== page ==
Thursday, June 21, 2018

Supreme Court Lets States Force Online Retailers to Collect Sales Tax

South Dakota v. Wayfair (argued April 17th, 2018): This is another Case that asks the Supreme Court to Overturn its longstanding Precedent, a 26-year-old Decision holding that the Constitution Prohibits the States from Imposing a Sales Tax on Out-of-State Retailers that do not have a Brick-and-Mortar Presence, Warehouse, or Sales Operation with Sales Representatives in the State. Two years ago, South Dakota Passed a Law that required Retailers to Collect Sales Taxes of 4.5% if they have at least Annually $100,000 in Sales or 200 Transactions in the State, even if they do not have a Store or Warehouse there.

The State argues that, with the Explosion of Sales made over the Internet, times have changed since the Court issued its Ruling in 1992, and the question whether a Retailer has a Connection to the State, a Key Issue in assessing the Constitutionality of the Tax, shouldn’t hinge on whether the Retailer has a Physical Presence there.

I took part in the 1992 Quill Case.

States have Broad Authority to Force Online Retailers to Collect potentially Billions of Dollars worth of Sales Taxes, the U.S. Supreme Court Ruled on Thursday, siding with South Dakota in its high-profile Fight with E-Commerce Companies.

The Justices, in a 5-4 ruling against Wayfair Inc(W.N), Inc(OSTK.O), and Newegg Inc, Overturned a 1992 Supreme Court Precedent in Quill that had Barred States from requiring Businesses with No "Physical Presence" in that State, like Out-of-State Online Retailers, to Collect Sales Taxes.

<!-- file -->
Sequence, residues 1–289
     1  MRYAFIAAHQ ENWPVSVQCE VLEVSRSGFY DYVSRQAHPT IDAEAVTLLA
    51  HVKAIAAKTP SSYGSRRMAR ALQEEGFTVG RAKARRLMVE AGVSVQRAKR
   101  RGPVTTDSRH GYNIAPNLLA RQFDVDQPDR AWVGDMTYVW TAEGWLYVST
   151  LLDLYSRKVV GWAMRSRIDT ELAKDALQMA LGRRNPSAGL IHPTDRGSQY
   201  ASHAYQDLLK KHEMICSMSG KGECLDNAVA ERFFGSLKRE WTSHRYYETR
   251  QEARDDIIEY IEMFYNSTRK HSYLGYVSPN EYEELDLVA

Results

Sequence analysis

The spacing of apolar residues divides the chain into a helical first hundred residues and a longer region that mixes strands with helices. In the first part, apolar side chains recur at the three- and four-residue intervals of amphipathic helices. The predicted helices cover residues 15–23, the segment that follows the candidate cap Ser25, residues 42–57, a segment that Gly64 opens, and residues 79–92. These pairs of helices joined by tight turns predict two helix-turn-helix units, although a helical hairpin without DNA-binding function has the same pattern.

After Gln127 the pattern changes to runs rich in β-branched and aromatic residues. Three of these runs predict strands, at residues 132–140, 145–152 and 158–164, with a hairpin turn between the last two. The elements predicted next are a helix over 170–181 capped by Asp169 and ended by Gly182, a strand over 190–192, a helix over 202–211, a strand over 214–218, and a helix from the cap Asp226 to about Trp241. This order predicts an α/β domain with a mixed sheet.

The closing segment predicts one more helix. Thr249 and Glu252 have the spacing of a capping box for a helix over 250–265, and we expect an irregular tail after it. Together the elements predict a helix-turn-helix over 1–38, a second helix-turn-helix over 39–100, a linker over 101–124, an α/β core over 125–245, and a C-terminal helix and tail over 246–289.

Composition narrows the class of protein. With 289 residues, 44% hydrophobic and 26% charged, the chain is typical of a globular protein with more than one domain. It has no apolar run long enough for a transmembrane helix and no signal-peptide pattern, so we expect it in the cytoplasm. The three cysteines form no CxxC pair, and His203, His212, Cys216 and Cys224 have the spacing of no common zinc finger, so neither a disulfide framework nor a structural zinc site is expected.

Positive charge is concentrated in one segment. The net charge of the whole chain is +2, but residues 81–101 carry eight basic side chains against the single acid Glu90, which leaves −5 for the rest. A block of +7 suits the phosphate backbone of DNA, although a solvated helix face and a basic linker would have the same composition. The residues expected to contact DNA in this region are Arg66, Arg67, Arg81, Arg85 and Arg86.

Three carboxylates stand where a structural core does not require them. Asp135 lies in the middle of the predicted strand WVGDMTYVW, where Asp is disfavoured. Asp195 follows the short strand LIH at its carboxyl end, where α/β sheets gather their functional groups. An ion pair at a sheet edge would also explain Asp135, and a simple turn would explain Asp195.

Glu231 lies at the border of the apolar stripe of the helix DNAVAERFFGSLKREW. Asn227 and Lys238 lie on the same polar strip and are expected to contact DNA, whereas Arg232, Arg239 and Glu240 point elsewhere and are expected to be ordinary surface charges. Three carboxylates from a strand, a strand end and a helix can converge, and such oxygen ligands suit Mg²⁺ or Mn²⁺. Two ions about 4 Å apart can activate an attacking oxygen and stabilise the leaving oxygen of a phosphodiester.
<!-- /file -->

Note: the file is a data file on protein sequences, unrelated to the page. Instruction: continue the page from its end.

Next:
More than 40 States and the Trump Administration asked the Supreme Court to Overturn its 1992 Decision in Quill v. North Dakota.

Justice Anthony M. Kennedy, who wrote Thursday’s Majority Decision, had earlier called for the Court to Reconsider the Decision. Kennedy wrote that dramatic Technological Changes had made the Court’s previous Ruling Obsolete, and that it Unfairly Disadvantaged Traditional Brick and Mortar Stores. “A virtual showroom can show far more inventory, in far more detail, and with greater opportunities for consumer and seller interaction than might be possible for local stores,” Kennedy wrote.

“Yet the continuous and pervasive virtual presence of retailers today is, under Quill simply irrelevant. This court should not maintain a rule that ignores these substantial virtual connections to the state.” He was joined by Justices Clarence Thomas, Ruth Bader Ginsburg, Samuel A. Alito Jr., and Neil M. Gorsuch.

Chief Justice John G. Roberts Jr. wrote the Dissent. He said the Court should not be doing the work of Congress, even if its earlier Precedents are open to Question. “E-commerce has grown into a significant and vibrant part of our national economy against the backdrop of established rules, including the physical-presence rule,” he wrote.

“Any alteration to those rules with the potential to disrupt the development of such a critical segment of the economy should be undertaken by Congress. The court should not act on this important question of current economic policy, solely to expiate a mistake it made over 50 years ago.”

NYC Wins When Everyone Can Vote! Michael H. Drucker
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